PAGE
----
Byline: Rosemary Feitelberg

NEW YORK — With casual continuing to be the driving force in legwear at retail, manufacturers are playing up the category with new styles, price points and marketing strategies as they look to fall bookings.
Sock makers said they are particularly enthusiastic about business, since sales of sheers are showing no sign of rebounding.
Although the market officially runs March 3-7, some buyers began visiting showrooms last week and others will not review lines until the second week in March.
“The market seems to be getting longer and longer,” said Jill Greenwood duPont, president and chief executive officer of Berkshire Hosiery.
Unlike last year’s March event, this year, buyers booked showroom appointments early. Retailers are anxious to jump-start fall business after disappointing sales of sheers last fall, legwear executives said.
“The hottest thing in sheers is designer names — beyond that, the sheer business is trending down,” said Susan Williams-Pete, director of merchandising for the hosiery division at Jockey for Her. “Anyone who denies that is only deluding himself.”
To build on the casual trend, Jockey for Her is going into tights and trouser socks for the first time in several seasons. Retail prices of the items will range from $5 for trouser socks to $13.50 for tights.
“Stores all suffered a great loss at the end of ’96, due to the decline of the sheer business,” she said. “Consumers are demanding more heavyweight options. We’re trying to meet their needs.”
Jockey, however, is hardly giving up on pantyhose. For fall, it is introducing pantyhose shapers.
Berkshire Hosiery is introducing an 11-style group of medium-weight sheers, showing a casual influence in a variety of textures and patterns, called Berkshire Trend.
Berkshire Trend, which wholesales from $5 to $10, should be in at least 175 specialty store and department store doors, duPont said. First-year projected wholesale volume is $500,000, she said.
The introduction of a 20-piece group of socks should help push the company’s annual sales beyond the current growth rate of 20 percent, du Pont said.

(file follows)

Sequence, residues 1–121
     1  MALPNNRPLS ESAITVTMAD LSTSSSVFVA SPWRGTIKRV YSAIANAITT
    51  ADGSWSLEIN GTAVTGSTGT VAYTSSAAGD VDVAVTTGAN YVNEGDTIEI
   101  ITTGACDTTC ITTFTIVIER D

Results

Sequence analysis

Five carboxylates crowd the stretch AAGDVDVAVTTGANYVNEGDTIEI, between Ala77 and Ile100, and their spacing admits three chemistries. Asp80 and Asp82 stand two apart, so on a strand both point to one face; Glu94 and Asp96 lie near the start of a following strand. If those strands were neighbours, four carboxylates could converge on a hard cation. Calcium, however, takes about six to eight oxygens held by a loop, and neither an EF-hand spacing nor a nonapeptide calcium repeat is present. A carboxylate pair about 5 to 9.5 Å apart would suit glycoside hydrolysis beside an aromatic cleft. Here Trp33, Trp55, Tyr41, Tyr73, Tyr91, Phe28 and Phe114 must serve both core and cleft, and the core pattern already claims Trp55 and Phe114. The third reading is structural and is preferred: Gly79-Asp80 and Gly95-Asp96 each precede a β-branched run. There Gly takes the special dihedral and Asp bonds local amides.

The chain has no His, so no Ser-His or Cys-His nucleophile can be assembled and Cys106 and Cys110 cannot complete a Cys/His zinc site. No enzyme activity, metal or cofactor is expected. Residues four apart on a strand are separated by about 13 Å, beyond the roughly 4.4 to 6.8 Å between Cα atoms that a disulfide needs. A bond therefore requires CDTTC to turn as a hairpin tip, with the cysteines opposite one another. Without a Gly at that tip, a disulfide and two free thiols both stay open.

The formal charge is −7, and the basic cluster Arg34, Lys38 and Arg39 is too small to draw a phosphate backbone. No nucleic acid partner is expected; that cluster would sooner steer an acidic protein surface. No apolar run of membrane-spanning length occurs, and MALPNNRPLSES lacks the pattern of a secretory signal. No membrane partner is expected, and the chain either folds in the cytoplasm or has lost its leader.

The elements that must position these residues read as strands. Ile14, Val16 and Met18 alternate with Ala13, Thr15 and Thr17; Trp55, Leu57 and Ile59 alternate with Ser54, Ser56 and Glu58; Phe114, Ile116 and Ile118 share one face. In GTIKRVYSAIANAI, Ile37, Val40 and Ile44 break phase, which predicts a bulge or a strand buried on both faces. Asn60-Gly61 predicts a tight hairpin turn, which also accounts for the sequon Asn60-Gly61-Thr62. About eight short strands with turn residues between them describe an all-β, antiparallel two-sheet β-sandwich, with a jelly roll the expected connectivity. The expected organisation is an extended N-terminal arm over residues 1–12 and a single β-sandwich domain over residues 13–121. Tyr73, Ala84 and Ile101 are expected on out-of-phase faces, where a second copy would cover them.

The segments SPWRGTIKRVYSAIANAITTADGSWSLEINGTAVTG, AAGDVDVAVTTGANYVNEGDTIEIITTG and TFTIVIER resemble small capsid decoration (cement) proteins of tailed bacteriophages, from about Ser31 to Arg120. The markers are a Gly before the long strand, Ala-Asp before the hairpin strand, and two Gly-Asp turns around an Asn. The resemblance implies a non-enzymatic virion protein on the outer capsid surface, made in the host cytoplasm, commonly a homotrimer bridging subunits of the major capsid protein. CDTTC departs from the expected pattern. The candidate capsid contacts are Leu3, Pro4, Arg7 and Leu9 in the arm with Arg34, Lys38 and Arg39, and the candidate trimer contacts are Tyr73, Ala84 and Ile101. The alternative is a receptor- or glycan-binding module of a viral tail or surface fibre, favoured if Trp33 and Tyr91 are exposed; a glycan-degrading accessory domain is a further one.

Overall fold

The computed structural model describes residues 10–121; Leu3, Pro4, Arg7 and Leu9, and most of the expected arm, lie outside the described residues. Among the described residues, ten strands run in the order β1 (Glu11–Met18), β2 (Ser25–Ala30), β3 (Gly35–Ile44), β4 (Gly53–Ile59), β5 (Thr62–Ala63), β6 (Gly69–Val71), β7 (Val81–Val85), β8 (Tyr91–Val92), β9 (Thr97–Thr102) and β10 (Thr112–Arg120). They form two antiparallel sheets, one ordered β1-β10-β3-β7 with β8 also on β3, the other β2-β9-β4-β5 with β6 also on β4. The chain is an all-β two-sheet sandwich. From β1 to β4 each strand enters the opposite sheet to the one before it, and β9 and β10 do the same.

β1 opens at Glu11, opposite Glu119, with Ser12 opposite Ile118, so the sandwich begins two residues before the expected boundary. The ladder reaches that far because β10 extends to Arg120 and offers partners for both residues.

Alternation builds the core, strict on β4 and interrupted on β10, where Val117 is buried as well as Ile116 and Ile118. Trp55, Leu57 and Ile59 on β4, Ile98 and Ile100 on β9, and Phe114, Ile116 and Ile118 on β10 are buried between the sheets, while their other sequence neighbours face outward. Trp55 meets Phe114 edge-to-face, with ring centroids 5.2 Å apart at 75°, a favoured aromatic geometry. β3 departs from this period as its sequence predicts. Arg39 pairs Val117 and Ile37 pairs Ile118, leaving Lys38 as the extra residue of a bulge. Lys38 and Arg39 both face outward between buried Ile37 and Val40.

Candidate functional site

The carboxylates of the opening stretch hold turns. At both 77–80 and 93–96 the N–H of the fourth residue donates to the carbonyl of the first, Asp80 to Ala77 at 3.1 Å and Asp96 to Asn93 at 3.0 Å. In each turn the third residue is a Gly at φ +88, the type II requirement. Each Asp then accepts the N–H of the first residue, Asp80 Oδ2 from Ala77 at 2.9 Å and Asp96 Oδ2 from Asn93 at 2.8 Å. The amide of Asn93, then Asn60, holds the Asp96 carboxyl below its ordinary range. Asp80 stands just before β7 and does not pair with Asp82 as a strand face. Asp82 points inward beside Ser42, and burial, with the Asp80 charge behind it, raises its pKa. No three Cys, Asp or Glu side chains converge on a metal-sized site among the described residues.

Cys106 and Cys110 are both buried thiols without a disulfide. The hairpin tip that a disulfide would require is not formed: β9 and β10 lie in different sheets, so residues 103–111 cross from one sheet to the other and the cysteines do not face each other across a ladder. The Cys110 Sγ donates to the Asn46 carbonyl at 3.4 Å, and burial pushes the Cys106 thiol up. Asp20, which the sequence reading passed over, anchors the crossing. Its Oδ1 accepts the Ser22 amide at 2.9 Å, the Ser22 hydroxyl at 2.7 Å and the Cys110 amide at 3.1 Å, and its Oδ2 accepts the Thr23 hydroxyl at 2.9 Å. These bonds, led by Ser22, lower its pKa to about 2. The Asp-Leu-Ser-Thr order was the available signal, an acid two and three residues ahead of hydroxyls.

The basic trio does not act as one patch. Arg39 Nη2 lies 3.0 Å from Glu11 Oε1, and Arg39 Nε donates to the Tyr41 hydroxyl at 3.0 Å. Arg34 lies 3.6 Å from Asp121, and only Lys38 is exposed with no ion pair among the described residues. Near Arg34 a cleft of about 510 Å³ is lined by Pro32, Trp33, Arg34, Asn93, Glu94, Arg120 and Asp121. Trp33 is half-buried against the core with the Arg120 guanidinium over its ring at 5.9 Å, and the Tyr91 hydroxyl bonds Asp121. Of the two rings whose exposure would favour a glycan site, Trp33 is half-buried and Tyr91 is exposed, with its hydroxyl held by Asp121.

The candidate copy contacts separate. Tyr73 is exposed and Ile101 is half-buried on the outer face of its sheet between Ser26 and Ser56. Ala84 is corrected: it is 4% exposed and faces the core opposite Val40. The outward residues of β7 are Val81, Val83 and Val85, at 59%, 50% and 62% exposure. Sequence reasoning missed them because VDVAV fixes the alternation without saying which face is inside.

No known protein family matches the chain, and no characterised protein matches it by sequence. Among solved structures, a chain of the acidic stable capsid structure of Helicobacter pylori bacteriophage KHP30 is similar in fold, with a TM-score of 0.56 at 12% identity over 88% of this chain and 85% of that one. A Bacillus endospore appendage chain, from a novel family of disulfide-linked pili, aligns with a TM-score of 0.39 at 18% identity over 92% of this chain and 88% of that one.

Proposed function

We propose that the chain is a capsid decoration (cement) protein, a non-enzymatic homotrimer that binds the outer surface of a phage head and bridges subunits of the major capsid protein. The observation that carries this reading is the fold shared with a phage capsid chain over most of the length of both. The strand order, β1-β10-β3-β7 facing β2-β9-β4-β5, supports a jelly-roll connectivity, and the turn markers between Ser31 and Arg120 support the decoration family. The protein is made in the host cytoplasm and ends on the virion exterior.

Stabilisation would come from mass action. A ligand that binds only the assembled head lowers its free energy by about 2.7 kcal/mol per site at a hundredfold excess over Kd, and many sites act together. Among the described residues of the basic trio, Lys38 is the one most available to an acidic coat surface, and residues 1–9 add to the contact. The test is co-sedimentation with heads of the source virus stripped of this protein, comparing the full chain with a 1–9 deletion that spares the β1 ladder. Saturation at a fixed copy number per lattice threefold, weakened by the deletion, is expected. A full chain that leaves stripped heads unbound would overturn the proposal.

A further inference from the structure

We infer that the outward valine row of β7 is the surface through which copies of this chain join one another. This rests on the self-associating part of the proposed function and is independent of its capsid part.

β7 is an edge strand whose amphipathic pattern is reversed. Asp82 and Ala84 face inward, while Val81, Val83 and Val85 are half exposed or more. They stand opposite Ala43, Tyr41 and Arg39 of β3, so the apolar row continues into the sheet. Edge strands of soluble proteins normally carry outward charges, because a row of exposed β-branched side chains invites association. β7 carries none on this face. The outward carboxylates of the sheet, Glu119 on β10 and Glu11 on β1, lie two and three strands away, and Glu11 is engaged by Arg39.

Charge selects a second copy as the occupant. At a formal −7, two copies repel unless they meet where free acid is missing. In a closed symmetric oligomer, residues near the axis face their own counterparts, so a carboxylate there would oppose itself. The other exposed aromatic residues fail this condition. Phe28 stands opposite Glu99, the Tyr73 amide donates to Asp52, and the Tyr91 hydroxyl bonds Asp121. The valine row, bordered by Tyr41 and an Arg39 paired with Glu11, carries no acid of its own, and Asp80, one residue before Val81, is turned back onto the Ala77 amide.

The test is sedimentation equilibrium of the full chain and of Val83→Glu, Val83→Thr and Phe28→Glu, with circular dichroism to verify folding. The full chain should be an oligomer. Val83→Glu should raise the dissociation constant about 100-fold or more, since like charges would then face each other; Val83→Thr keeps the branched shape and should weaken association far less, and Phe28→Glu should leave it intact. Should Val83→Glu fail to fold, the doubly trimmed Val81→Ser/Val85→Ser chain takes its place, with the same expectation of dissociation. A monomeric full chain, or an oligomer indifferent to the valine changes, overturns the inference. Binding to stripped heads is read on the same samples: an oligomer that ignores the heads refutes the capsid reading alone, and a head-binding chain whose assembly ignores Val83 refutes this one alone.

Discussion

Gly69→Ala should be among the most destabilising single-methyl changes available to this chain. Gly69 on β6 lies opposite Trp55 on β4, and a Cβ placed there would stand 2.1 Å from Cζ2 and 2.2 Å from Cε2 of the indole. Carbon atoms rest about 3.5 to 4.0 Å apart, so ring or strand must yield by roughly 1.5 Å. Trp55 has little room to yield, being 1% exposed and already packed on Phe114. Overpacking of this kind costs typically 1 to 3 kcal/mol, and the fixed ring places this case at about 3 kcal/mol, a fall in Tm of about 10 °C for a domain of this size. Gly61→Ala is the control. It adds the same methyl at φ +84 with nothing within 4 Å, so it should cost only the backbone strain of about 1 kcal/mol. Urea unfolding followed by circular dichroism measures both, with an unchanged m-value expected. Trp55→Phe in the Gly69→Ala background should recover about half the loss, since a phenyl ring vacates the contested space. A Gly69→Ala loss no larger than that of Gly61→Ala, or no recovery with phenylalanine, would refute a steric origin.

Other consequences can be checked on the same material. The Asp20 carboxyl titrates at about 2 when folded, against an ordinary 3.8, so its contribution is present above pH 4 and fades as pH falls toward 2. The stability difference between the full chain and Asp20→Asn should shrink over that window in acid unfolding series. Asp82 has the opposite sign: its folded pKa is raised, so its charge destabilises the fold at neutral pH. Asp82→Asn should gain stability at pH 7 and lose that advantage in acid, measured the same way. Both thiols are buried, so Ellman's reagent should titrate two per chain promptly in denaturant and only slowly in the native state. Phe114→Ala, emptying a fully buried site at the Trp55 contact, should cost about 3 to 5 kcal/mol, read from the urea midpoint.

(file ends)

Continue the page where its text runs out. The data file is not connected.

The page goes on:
“With the sheer business shrinking, a lot depends on how that will affect the casual market,” she added.
Hanes Hosiery is taking a different approach to the casual business.
“We’re in the business of adding options to meet consumers’ changing needs. They want to find more casual types of products,” said Olan Beam, vice president of marketing for Hanes Hosiery. “Opportunities have increased for socks and heavier denier products.”
To appeal to more professional women who are looking for casual products instead of sheers, Hanes will offer its expanded line for Silk Reflections trouser socks and opaques in the same area as its Silk Reflections sheers.
Trouser socks and tights are traditionally merchandised with socks.
For fall, Hanes has doubled its Silk Reflections opaques group. The eight-piece line wholesales from $3.50 to $4, with ribbed looks, suiting stripes and patterns expected to be important fall looks, Beam said.
Ridgeview Hosiery is also counting on its casual fashion looks to strengthen fall sales. Crocheted styles and men’s wear looks in tights and trouser socks should be “the thrust” for fall, said Lynn Sexton, design director for Ridgeview.
“This fall is going to be a lot more exciting. Color is selling,” she said. “The customer is not interested in basics anymore; she goes to department stores for novelty.”
For fall, the company has revamped its 43-style sock line to offer more novelty yarns like silk, wool and cashmere, instead of emphasizing basic combed cotton, Sexton said.
To meet retailers’ requests for sharper-priced products, Ralph Lauren Legwear, produced under license by The Hot Sox Co., is offering tights at $11, compared with last year’s opening price of $16.
The company decreased wholesale prices by changing its sourcing and offering new styles like sheer-to-waist tights, according to Jill Bleifer Fergus, national sales manager for Lauren Legwear.
Lauren changed its prices to be more competitive in the designer hosiery market, which is a driving force in the casual hosiery business, she said.
The company has also introduced its first collection of trouser socks. The 12-style group wholesales from $6.50 to $14.50.
“We decided to introduce the category, since pantsuits are being completely accepted by women for work,” Fergus said.
For fall, Ben Berger plans to focus on luxury fiber socks, which were bestsellers last fall, said Michael Berger, vice president.
To meet retailers’ demand for better quality goods, Ben Berger has upgraded its luxury offerings. Angora blend socks, for example, now consist of 40 percent angora, compared with 25 percent a year ago, Berger said.
“Many retailers are offsetting their promotions and basic business by using luxury goods as margin-building items,” he said.
Price — at wholesale and retail — continues to be an issue for stores, Berger said.
“Demands on the markup structure are increasing every year for accessories. That puts a lot of pressure on buyers and suppliers to meet the demands for markups,” he said.
“In the last four or five years, there’s been deflation of wholesale price points. What we used to sell for $3 a few years ago we’re now selling for $2.50.”
Berger attributed this pressure to retail consolidation. Stores have greater buying power and demand better service and pricing, he said.
On the brighter side, Berger noted that retailers are working aggressively to get their legwear programs together a few weeks earlier than last year.
“They want to bring in key items earlier that were bestsellers last year,” he said.